Close sidebar

AFP launches new airport tip line

written by australianaviation.com.au | July 11, 2012
The AFP has launched an airport tip line where people can report suspicious behavior.

Airport employees and airline passengers are being encouraged to report suspicious behaviour as part of a new Australian Federal Police program.

The Airport Watch program, which the AFP likens to a neighbourhood watch, was due to be officially launched at Sydney Airport today and will be rolled out across the country during the next five weeks.

Carrying the motto “See it, Hear it, Report it,” the program encourages people to call 131 AFP if they “see something unusual or notice any suspicious behaviour or hear a threatening or unusual conversation.”

Advertisement
Advertisement

The AFP says the program will complement its existing capabilities, which include community policing and counter-terrorist first response capability, air security officers, joint intelligence teams and joint investigation teams, bomb appraisal officers and firearms and explosive detection canines.

AFP Acting Commissioner Peter Drennan said the program would “reduce the likelihood of serious crimes happening in our airports – and in the event an incident does occur, it will enhance AFP’s ability to quickly assess, respond to and resolve it.”

AFP launches new airport tip line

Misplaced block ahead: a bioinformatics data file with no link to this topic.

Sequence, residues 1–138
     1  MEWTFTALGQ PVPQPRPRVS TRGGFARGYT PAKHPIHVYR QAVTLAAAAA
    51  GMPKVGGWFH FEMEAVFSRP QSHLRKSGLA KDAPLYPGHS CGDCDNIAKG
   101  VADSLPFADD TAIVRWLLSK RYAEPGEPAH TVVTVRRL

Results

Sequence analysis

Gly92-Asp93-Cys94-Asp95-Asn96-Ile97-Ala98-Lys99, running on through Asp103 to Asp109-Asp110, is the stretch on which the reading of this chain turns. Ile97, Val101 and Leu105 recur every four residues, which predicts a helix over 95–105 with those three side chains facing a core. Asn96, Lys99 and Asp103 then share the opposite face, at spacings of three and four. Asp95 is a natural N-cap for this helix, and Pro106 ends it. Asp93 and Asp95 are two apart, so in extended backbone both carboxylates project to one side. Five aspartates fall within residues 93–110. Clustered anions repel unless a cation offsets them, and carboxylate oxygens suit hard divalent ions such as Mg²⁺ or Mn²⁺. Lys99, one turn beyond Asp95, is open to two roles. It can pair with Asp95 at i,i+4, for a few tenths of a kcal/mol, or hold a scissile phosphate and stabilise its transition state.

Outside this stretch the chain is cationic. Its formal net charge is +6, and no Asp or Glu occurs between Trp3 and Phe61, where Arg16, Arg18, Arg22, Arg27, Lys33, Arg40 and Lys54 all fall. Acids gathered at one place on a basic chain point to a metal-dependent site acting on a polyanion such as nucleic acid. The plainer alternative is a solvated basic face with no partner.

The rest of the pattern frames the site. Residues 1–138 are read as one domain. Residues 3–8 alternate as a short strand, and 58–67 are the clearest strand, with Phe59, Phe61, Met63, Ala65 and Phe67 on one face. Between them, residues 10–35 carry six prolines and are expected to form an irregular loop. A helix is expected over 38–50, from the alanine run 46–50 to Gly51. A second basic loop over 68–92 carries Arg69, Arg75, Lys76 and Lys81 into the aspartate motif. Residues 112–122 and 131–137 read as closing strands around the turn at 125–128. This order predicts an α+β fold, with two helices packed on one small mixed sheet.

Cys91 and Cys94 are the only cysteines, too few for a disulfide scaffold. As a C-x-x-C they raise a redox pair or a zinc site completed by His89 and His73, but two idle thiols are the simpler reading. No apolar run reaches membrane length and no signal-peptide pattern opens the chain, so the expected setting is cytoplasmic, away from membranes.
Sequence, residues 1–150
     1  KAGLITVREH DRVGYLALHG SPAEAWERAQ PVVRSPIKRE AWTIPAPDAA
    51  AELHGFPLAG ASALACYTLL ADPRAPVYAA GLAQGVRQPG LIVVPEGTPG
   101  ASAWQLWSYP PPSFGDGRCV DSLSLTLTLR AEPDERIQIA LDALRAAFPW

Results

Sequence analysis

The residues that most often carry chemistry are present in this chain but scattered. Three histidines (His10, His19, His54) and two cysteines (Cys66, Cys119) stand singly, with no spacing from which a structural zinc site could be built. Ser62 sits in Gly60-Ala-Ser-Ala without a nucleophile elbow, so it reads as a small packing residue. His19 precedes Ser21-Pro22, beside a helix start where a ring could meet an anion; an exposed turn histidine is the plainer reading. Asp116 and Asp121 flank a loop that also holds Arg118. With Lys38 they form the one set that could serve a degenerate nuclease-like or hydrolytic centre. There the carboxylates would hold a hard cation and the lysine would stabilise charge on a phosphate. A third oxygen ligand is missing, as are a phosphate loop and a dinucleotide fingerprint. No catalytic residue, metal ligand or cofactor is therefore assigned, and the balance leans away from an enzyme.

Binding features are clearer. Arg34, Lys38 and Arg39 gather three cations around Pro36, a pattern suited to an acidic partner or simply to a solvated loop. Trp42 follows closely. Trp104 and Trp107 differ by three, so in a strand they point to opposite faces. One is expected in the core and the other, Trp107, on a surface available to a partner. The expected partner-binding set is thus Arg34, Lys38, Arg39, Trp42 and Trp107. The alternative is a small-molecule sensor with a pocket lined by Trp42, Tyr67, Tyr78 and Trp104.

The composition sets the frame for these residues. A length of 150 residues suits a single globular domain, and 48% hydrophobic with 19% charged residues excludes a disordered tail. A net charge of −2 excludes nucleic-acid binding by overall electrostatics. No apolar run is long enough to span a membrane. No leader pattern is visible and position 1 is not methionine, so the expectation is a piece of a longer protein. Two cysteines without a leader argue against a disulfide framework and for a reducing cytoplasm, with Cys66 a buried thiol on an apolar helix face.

written by australianaviation.com.au | July 11, 2012
The AFP has launched an airport tip line where people can report suspicious behavior.

Airport employees and airline passengers are being encouraged to report suspicious behaviour as part of a new Australian Federal Police program.

The Airport Watch program, which the AFP likens to a neighbourhood watch, was due to be officially launched at Sydney Airport today and will be rolled out across the country during the next five weeks.

Carrying the motto “See it, Hear it, Report it,” the program encourages people to call 131 AFP if they “see something unusual or notice any suspicious behaviour or hear a threatening or unusual conversation.”

Advertisement
Advertisement

The AFP says the program will complement its existing capabilities, which include community policing and counter-terrorist first response capability, air security officers, joint intelligence teams and joint investigation teams, bomb appraisal officers and firearms and explosive detection canines.

AFP Acting Commissioner Peter Drennan said the program would “reduce the likelihood of serious crimes happening in our airports – and in the event an incident does occur, it will enhance AFP’s ability to quickly assess, respond to and resolve it.”

Each day, our subscribers are more informed with the right information.

SIGN UP to the Australian Aviation magazine for high-quality news and features for just $99.95 per year